This is the first part of a three-part series on how to grow your client base with referrals.
Be Really Good
This is probably the simplest but hardest piece of advice. At the end of the day, you need to be good at your job. Your success will ultimately depend on your ability to do what you say you can do. As long as there’s a decent market for your skills, you should have no problems finding work. Word will eventually spread and you’ll build a reputation and clients will seek you out. If you suck, you’ll constantly struggle and flounder until you get better and get paid better too.
Be Consistent/Just show up
Clients are always looking for dependable and quality labor. No one has time to constantly search for and hire new people and take a chance on someone new. People like consistency. They want to know that you will have the work done on time and done properly. Consistent quality is what keeps clients coming back and sending you those coveted referrals. And in reality, even consistent mediocre work is better than inconsistent high quality work. No one wants to gamble with their budget.
This is an easy one. Don’t drop the ball and let an opportunity slip away. Reply back to that email immediately, be responsive and get that contract signed. If you get distracted by current work or responsibilities you’ll risk losing future business. If you can’t do the job, just say so. Politely decline. And even better – refer the job to someone else who can do it.
Dress to Impress
Now before you go off promoting yourself, you need to make sure your brand is tight and looks as good as possible. Be careful not to spend too much time finessing your brand materials. Sometimes the words “Done is better than perfect” are important to remember. But if you’re a web designer your website should be the best representation of your skills. If you’re a designer your business cards should be impressive. You can’t pitch a client on a brand design when your materials look like crap. If I had a nickel for every designer with a shit website or a developer with a broken page or dead links, I’d have about $113.65.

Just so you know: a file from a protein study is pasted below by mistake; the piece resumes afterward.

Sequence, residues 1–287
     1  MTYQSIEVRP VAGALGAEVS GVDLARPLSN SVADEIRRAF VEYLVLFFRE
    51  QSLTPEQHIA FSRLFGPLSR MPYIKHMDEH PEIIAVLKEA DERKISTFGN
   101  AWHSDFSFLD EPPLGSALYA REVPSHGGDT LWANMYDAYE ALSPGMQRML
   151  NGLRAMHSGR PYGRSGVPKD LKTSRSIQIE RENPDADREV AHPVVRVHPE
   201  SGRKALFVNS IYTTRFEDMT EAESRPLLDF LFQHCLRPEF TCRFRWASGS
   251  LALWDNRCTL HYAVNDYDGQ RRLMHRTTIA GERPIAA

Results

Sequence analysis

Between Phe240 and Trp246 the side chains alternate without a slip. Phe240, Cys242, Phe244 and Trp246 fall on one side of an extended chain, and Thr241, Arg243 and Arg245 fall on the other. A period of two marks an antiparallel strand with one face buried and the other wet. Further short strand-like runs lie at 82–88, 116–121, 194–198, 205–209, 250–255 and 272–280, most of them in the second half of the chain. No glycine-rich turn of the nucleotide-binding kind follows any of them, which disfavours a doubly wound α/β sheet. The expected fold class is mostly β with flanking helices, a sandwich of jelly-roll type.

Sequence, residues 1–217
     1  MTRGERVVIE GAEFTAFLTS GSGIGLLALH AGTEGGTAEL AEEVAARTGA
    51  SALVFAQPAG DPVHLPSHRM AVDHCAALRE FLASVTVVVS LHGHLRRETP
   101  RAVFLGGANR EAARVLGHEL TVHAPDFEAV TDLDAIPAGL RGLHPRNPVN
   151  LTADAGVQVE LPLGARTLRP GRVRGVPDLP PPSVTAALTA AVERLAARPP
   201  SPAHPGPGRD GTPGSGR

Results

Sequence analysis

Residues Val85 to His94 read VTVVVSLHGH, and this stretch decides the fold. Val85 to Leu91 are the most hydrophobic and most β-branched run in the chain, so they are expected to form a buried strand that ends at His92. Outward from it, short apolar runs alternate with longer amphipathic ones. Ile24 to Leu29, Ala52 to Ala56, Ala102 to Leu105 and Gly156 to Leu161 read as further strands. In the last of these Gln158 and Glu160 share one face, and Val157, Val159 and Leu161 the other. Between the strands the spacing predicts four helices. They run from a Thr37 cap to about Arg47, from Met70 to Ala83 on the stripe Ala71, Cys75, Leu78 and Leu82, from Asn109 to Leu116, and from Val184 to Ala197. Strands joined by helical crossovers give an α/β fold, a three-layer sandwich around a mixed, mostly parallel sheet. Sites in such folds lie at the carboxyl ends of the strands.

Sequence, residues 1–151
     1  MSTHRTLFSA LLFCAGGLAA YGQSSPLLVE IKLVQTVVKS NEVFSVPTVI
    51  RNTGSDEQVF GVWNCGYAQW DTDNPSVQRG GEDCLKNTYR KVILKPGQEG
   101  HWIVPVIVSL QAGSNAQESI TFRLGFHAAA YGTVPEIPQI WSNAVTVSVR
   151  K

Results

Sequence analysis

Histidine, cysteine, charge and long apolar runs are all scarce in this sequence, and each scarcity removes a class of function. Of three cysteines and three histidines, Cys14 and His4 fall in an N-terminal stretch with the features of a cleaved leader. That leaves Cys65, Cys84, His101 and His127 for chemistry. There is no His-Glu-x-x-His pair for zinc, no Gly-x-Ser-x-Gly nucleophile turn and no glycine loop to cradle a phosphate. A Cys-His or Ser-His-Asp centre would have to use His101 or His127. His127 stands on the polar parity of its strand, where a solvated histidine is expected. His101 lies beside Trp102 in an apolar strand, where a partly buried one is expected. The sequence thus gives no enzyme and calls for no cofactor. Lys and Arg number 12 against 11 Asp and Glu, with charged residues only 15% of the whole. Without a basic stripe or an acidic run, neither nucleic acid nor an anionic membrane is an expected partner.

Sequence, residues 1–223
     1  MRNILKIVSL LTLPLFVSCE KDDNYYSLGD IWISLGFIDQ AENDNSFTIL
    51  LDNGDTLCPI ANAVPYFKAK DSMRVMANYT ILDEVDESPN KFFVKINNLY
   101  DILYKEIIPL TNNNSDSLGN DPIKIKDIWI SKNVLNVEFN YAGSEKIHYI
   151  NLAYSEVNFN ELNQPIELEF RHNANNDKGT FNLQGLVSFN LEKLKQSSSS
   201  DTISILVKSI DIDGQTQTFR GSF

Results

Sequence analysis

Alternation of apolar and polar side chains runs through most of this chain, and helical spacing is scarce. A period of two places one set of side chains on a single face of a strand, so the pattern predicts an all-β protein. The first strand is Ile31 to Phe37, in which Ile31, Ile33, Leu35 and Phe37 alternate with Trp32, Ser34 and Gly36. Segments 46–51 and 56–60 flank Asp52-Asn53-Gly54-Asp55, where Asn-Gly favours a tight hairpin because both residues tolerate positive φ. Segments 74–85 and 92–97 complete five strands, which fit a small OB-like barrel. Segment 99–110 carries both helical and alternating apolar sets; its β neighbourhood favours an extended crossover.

Don’t Take Shortcuts
Shortcuts will always bite you in the ass. Do things the right way from the start. There’s a reason for the old adage, “measure twice, cut once.” It may be tempting to take advantage of naive clients for a quick profit but you never want to run the risk of getting caught. It’s also a shitty way of running a business. It’s better to do things the right way, the honest way because your clients will know and keep coming back and referring more.
Charge What You’re Worth
This can go both ways. Most creatives have a very high estimation of themselves and that also applies to how much you value and charge for your time. You may think you’re worth $200/hr but in reality you’re not. Overcharging will lead to unhappy clients who look at the bottom line of what they were charged and what they receive. That’s a tricky statement to make when it seems like most people don’t value quality design these days. There is a lot of competition for cut rate work but that’s all the more reason to make sure your work is priced appropriately. If you’re just starting out, you should charge entry level rates. If you’re good, word will spread and work will flood in. Then you can start raising your rates from there after you get more projects under your belt and you’ve learned a thing or two. I would definitely go back to some of my very first projects and do a few things differently. That’s hindsight, but the important takeaway is the fact that you’d do things differently now is an indication that you’ve learned and grown. That experience is what gets you right to charge higher rates. There are plenty of people who also charge too little.
Now on to the next part, networking.
Thanks for reading.
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